The 12 Thai boys and their football coach rescued from Tham Luang cave Tuesday night are being praised for their ability to stay calm while divers guided them out to safety.
Thailand was transformed into a nation of celebration after authorities confirmed that all members of the Wild Boar football team and their 25-year-old coach had been pulled from the cave in northern Thailand.
The boys' extraordinary survival comes down to one thing, according to a diving expert: they didn't panic. Robert Laird, the co-founder of International Underwater Cave Rescue and Recovery, told the Atlantic diving in caves is a big step up from diving at sea.
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"Cave diving is a different beast from diving in the open waters. The water can be so muddy that divers have to feel their way out. The passage can be so narrow that you have to take off your oxygen tank. And you cannot simply swim up to safety," he said.
It was crucial the boys could trust their diver rescuers otherwise they might've panicked during the journey out of the cave, which could have had catastrophic consequences. When someone panics while cave diving, there's "absolutely no logic" Mr Laid says.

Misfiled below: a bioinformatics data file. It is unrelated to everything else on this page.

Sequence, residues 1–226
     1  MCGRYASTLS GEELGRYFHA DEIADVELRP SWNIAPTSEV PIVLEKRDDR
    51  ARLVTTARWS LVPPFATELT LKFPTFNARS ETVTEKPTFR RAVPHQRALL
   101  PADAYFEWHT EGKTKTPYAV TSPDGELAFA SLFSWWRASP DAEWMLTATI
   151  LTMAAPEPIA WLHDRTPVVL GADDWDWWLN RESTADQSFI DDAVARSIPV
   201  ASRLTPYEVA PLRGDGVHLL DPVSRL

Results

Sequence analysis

"It can start with a small thing, like suddenly you see bubbles coming off a hose. That seems so trivial and minor but that can immediately put doubt in a mind because you're in a cave. There's no escape."
Child psychologist Dr Emma Woodward told The Project the boys will be changed by the experience "without a doubt". She said the boys would have had to be able to place a huge amount of trust in their rescuers to keep them safe until they saw their families again.
Diver Ivan Karadzic, part of the Thai rescue team, told BBC it's "not in any way normal for kids to go cave diving at age 11," referring to the youngest member of the group, among his peers who are aged from 11 to 16.
He said the boys dived in conditions considered to be "extremely hazardous" in "zero visibility". The only light source the groups had navigating through the caves was torches - otherwise their surroundings would have been pitch-black.
"We were obviously very afraid of any kind of panic from the divers," Mr Karadzic said. "Then there is multiple equipment malfunction as you can imagine."
To prepare for this, the divers had a contingency plan made in place for what to do if something went wrong. The fact the boys had been tapped in a small cave for two weeks and were still able to make it out is a testament to their strength and will to survive, Mr Karadzic said.
Simon Mitchell, an anaesthesiologist at Auckland City Hospital, told Radio New Zealand the rescue of all 12 boys and their coach is an "extraordinary achievement".
But people shouldn't forget that someone died during the rescue efforts, he said. Samarn Kunan, a 38-year-old former Thai Navy SEAL, ran out of oxygen while attempting to return to a command centre around 2km inside the cave system.
His death highlights the high stakes involved with cave diving.
It was a terrible tragedy, Mr Mitchell said. But overall, the rescue mission has succeeded exceptionally well.